Steps to improve road behaviour welcome, but focus on safety of vulnerable road users must continue
8 October 2014
A new campaign that seeks to highlight the importance of basic courtesies when on the road is an overdue but good step forward in the ongoing efforts to address safety concerns for vulnerable road users, said road safety law firm Maurice Blackburn.
Maurice Blackburn Principal Andrew McKenzie said a focus on vulnerable road users, including pedestrians, cyclists and motorcyclists, had been long overdue and it was pleasing that the concerns about safety for these groups were now being given prominence by the State Government in the broader road safety space.
“Maurice Blackburn, together with Safe Cycling Australia, were one of many road safety expert groups who lodged submissions to the recent Parliamentary cycling inquiry outlining concerns about the lack of focus on the safety of vulnerable road users,” Mr McKenzie said.
“As we made clear from our submission, educating people is key to raising awareness that road users need to make a greater effort to be aware and take a longer look to protect the more vulnerable users on our roads.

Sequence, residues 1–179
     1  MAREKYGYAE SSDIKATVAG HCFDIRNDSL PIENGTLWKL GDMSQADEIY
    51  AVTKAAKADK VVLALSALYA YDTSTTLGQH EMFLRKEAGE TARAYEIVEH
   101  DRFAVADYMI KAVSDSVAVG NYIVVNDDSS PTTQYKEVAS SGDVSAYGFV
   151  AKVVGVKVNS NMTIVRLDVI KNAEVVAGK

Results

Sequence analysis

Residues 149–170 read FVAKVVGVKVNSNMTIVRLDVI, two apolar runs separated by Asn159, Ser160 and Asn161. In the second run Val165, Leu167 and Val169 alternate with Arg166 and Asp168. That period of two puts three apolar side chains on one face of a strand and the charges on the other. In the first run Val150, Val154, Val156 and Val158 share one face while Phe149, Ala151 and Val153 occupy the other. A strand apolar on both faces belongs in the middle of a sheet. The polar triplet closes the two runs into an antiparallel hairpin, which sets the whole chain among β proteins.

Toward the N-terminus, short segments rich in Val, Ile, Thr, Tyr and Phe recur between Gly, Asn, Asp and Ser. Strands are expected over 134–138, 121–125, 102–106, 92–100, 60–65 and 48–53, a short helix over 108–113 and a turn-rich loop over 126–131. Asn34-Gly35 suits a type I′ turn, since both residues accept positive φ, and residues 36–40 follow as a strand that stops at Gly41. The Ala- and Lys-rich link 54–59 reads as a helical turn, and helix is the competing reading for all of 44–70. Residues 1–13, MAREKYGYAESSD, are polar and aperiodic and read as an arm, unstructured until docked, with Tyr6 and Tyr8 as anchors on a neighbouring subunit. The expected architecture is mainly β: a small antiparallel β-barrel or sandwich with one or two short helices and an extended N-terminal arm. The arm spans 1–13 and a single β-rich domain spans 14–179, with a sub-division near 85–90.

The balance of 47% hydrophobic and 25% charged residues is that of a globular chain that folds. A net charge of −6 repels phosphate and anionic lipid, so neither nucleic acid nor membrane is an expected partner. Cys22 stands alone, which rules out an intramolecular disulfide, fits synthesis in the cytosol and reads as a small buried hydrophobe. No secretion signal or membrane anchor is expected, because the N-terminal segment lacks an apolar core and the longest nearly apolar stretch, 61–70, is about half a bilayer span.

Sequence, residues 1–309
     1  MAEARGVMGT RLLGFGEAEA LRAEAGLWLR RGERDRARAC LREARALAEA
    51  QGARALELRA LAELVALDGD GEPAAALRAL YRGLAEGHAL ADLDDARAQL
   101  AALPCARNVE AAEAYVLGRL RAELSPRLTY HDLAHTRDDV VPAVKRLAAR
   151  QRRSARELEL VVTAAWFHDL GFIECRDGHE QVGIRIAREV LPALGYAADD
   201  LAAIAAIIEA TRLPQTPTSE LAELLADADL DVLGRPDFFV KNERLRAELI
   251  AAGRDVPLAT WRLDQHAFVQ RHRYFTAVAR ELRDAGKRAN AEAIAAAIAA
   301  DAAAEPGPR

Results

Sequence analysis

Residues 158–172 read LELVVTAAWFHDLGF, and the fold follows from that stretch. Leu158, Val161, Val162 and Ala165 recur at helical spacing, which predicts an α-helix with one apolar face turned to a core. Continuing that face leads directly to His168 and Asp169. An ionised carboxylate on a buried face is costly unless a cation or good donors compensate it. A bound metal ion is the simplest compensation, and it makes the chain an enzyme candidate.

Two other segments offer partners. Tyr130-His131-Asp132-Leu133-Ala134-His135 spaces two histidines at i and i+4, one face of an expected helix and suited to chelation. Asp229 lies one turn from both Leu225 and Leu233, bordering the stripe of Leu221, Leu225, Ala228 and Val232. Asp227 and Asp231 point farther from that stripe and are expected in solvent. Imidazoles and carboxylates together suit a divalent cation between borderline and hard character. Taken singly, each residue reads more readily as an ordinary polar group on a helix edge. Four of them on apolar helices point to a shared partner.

“For too long the safety concerns of vulnerable road users have been overlooked and it is an area that continues to warrant further policy focus to improve safety, and the cycling inquiry was an important step in helping to address some of these issues.
“The reality is that even seemingly minor incidents involving pedestrians, cyclists or motorcyclists can have extremely serious physical, financial and emotional consequences for victims and their families.
“The trial of minimum passing distances was an important step and something we are hearing from cyclists that this is leading to significant change in driver behaviour on our roads.
“This, coupled with the announcement of a dedicated awareness campaign, are a start in helping to level out the playing field, but there is still a long way to go to improve the attitudes of all road users towards those who are most vulnerable on our roads, particularly pedestrians, cyclists and motorcyclists,” he said.